CLIFTON PARK, N.Y. – Instead of being on the water making a splash during February and March, the Friends of Shenendehowa and its supporters were busy trying to make bottles and cans ‘Clynk.’
The local rowing program made its move, often called a ‘Power 10’ of 10 powerful strokes during a race and teamed up with Hannaford and its 7th annual Clynk for Schools Recycling Challenge, earning an additional $1,500 as the top collector in New York State.
The Friends of Shenendehowa Crew program was credited with 17,045 returns for the month, ahead of second-place Troy’s School 18 with 13,610 entries and Loudonville School with 13,004.
“They gave us .50 cent on the dollar on top of the refund and for all the different schools that competed we had the most collections,” Friends of Shenendehowa Crew head coach Sean O’Brien said. “”We won a $1,500 prize for that and awarded a nice plaque and trophy at a ceremony.
“They were really happy with the turnout that we did, a Shen Crew program that represented Shenendehowa High School and we beat all the other full schools that competed in the program.”
Bottle drives have been a staple for the Burnt Hills Rowing and Shenendehowa crew programs, but the Hannaford program made the fund raiser even more enticing for all involved.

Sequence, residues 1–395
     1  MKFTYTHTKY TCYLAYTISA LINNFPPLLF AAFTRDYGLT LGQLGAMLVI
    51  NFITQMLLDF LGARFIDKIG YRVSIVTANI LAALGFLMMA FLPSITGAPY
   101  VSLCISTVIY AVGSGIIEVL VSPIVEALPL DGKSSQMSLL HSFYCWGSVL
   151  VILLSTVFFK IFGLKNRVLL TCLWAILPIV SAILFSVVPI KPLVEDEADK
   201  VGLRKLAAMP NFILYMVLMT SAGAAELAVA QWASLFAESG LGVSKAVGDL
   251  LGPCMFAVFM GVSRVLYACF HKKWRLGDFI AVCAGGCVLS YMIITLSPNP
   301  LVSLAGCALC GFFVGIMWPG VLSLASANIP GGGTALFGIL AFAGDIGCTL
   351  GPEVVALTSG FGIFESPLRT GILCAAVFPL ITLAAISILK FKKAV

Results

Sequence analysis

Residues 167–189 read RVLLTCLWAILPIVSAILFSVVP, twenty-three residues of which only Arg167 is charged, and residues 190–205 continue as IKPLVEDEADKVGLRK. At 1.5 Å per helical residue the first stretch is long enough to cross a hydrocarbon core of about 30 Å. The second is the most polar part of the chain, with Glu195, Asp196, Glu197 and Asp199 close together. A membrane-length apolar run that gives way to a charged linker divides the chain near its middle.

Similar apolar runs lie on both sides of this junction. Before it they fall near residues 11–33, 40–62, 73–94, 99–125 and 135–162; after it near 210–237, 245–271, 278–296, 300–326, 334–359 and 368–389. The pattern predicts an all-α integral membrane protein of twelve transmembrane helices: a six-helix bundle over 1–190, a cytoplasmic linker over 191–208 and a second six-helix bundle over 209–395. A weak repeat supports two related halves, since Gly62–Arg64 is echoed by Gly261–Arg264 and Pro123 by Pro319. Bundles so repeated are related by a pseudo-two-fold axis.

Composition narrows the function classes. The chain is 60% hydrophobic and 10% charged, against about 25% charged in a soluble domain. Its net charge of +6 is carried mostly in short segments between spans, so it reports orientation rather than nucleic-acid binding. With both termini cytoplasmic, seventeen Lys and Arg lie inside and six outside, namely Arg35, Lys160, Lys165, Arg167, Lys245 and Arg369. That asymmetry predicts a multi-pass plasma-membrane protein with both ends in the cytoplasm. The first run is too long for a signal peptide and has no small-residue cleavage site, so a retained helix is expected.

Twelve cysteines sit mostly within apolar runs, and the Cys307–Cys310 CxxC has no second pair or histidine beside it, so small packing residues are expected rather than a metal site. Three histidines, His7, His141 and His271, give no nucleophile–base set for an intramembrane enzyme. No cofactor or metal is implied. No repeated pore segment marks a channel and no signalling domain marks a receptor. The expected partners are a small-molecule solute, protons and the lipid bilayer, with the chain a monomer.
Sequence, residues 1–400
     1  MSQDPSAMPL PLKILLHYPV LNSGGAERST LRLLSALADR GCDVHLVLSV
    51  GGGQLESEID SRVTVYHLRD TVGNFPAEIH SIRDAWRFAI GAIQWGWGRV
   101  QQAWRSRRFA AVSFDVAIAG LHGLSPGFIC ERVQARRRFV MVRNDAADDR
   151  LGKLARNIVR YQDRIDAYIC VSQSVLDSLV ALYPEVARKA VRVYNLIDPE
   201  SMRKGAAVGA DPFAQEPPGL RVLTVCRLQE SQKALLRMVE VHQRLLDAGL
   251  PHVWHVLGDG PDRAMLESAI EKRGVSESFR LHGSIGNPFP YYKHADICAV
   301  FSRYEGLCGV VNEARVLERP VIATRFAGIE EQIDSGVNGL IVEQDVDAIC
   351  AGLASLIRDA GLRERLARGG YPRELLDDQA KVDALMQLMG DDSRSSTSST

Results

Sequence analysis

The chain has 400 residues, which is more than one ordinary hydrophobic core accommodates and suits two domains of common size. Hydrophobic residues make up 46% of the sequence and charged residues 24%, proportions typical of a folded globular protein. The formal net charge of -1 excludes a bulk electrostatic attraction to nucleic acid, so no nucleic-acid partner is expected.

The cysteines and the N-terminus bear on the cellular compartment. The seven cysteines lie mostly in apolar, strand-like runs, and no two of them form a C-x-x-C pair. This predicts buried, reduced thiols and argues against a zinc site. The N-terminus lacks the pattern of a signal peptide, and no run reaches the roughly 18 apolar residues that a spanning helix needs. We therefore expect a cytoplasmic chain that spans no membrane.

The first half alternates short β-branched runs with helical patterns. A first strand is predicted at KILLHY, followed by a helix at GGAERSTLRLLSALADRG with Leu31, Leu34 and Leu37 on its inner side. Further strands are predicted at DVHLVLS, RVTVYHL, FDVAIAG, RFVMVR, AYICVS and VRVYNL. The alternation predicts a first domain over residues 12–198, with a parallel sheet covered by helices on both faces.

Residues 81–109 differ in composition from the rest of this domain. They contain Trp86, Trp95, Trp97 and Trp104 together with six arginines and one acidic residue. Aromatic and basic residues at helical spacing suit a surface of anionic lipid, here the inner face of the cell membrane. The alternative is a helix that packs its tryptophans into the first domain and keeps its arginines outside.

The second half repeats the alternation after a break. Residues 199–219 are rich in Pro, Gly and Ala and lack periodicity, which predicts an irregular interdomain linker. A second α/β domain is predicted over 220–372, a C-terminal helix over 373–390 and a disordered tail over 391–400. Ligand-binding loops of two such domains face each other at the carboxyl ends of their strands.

“The Clynk program is definitely great, everyone has their own individual account that it goes through and when you use the Clynk bags they put on the label, scan it at Hannaford, put it in the bin and they’re done,” O’Brien said. “They do all the counting, sorting, everything.
“We knew the program going into and once this fundraiser with the option of winning some extra monetary value onto it everyone really jumped onto it and put a lot off effort into it, so it was fun.”
The Friends of Shenendehowa Crew, is a 501c3 not-for-profit entity and and relies on fundraisers like the Clynk for Schools program among other events to raise operational and equipment funds.
The $1,500, along with the continued return of bottles through the program is slated for the program’s equipment fund.
“We’re going to build that bank up and hope to get a new boat, upgrade some of our equipment, get a new eight pretty soon,” O’Brien said. “Every little bit will count towards getting a $30,000 boat.”